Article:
How to Code (Download) or Clone Something From GitHub

Hi, welcome, this is Clemens at Elektor. In this video I will show you how to
download something from GitHub. If you use microcontrollers, play with Arduino or
do other things that involve open source software, you will most certainly have
come across GitHub. GitHub has become _the_ place for people to share
source code for all sorts of open source applications, ranging from simple single-file Arduino sketches to
huge cloud applications consisting of thousands of files, but also other things like electronics
design files or simply text documents. GitHub is a hub for Git. Git is a so-called versioning system which means that it keeps
track of changes made to the documents that it knows of.

The main purpose of Git and GitHub is to allow groups of
people to work together on the same software project. Because GitHub is a tool for professionaland
production quality software development, it has lots of functions and options
that most people never need, and that make
it complicated. At Elektor also we publish our code on GitHub and
then tell people to download it from there. We then often get the question: "But
_how_ do you download something from GitHub?" Now this may seem like a silly question
to experienced users, but it is true you cannot just download
a file that you see listed in a repository. There is no Save or Download button and when you click on a file it is opened
in a browser and not downloaded. And if you right-click on a
file and save it you end up with a file containing HTML
code and not the content you expected. Actually, you can download a file
if you open it in 'raw' mode first and then right-click to save it as a file but this is, of course, undoable
when there are many files.

Now called 'Code' button! The thing is that there *is* an
easy download Code button, but you can only see it when you
are in the root of the repository. So, click the root of the repository to get there. Now it is easy. Just click the green
button labeled 'Code'. When you do that, you might get confused by the
surprising options about cloning with HTTPS or open it on your desktop or download ZIP, here you just click 'Download ZIP'
and ignore the other stuff.

You don't need to sign in
or have an account, just ignore that message. So, that's it? Well… that depends. The name of the file you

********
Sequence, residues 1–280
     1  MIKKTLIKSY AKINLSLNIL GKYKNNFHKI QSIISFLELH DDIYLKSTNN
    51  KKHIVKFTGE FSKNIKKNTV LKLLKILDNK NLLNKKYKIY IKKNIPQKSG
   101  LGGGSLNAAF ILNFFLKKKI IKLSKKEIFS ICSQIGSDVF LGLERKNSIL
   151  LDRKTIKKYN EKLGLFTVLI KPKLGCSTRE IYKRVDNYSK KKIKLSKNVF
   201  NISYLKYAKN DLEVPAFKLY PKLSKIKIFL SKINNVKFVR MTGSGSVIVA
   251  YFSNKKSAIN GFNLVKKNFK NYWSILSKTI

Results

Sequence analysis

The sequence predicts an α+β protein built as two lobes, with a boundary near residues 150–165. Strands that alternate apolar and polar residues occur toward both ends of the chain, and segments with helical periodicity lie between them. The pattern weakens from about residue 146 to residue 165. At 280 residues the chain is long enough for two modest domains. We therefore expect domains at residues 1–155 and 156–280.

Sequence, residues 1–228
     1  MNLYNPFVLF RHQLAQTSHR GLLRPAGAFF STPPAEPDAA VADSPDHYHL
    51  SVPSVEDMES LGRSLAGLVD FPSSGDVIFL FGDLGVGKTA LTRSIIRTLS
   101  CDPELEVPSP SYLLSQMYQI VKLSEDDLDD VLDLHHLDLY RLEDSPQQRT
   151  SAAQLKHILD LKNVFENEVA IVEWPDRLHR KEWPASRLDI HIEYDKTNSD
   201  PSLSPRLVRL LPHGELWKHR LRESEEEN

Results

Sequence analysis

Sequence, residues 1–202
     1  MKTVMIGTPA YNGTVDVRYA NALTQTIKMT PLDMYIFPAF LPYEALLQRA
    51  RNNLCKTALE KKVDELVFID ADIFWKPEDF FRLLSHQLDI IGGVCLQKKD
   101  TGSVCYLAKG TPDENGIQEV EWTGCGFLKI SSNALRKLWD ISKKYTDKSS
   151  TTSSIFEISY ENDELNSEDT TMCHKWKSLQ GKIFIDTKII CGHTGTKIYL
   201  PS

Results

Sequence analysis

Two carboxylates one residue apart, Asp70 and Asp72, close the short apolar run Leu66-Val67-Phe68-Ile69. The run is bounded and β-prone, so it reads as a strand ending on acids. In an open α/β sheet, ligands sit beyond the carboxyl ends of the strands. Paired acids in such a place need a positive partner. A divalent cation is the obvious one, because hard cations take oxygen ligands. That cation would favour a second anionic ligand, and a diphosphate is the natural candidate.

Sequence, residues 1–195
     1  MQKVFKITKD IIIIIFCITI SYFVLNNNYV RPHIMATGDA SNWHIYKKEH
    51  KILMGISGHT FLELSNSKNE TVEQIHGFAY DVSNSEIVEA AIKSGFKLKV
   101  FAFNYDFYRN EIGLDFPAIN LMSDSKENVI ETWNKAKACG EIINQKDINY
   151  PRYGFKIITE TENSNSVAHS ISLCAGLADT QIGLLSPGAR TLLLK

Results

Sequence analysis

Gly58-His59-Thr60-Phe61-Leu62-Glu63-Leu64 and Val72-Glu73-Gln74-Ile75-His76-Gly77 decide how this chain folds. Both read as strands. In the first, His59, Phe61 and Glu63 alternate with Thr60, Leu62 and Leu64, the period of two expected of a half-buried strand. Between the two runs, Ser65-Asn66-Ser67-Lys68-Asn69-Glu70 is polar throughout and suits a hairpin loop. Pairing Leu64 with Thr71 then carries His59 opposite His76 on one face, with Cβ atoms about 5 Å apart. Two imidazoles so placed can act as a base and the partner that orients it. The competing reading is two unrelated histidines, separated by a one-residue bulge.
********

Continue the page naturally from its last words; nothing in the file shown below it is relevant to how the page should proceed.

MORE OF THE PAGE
downloaded will end with '-master'. When you unpack it, you will get
a folder with the same name. Most of the time this doesn't really matter, but it does when the download happens to be an Arduino sketch.

For the Arduino IDE the name
of the dot INO file ('.INO') must be the same as the name
of the folder that it is in. The solution is simple: remove te '-master' part by renaming the folder. Usually, you do not have to do this when the sketch
is inside a folder nested inside the ZIP file, because the nested folder will already have the same name as the '.INO' file. If, on the other hand, the download is an Arduino library, then the Arduino IDE
knows how to deal with it. You can import it using the 'Add .ZIP library'
option from the Sketch -> Include library menu. Many projects on GitHub are
continuously evolving. If you download a ZIP file as we did before, you get what is called a
'development snapshot' and that may not work at all or it may not do what you expect from it. For this reason, one tends to
publish stable versions that work and have been tested, and that are called 'releases'.

These releases are often hosted on another website, for instance on the project's official website, but GitHub also offers space for them. Check the releases tab/button to see if there are any, and if there are, download the most recent one or
another version of the file you need. You might also want to check the releases tab when you are not at all interested
in the source code of the project but only in a pre-compiled binary
to run on your platform. Finally you can use the official
GitHub method to download a project and that is by cloning a repository. To do so, you may first have to install
a Git client on your computer.

There exists clients with nice
graphical user interfaces, and clients that you control
from the command line. In either case you will need the complete
URL of the repository you want to clone. You can get it from the
download Code button, again, but this time by copying the URL
in the Clone with HTTPS box. Click the copy button next to it to do this. In the command-line interface first navigateto the
folder where you want your clone of the repository, then type the command
'git clone' and paste the URL behind it,
and hit Enter. If all is well, the cloning process will start. In the desktop-interface,
from the menu, select 'File', 'Clone a repository', browse to the destination
folder and paste the URL you copied before in the box
labeled 'Repository URL', and then click 'Clone'.

So, that's it for now. I've shown you several ways to
download something from GitHub. There may be other ways but as I never needed them, you probably won't need them either. Most of the time just clicking the
green download Code button and save a ZIP file is enough. But, to do so, you must know
where that button is. And now you know, it is visible when
you are in the repository's root folder! Personally, I think cloning is
easier than downloading as you don't have to unpack anything and you can clone directly to
the folder where you want it, and you don't get the '-master' added
to the name of the repository.

Okay, well, that's it. I hope you found it
useful and thank you for watching..

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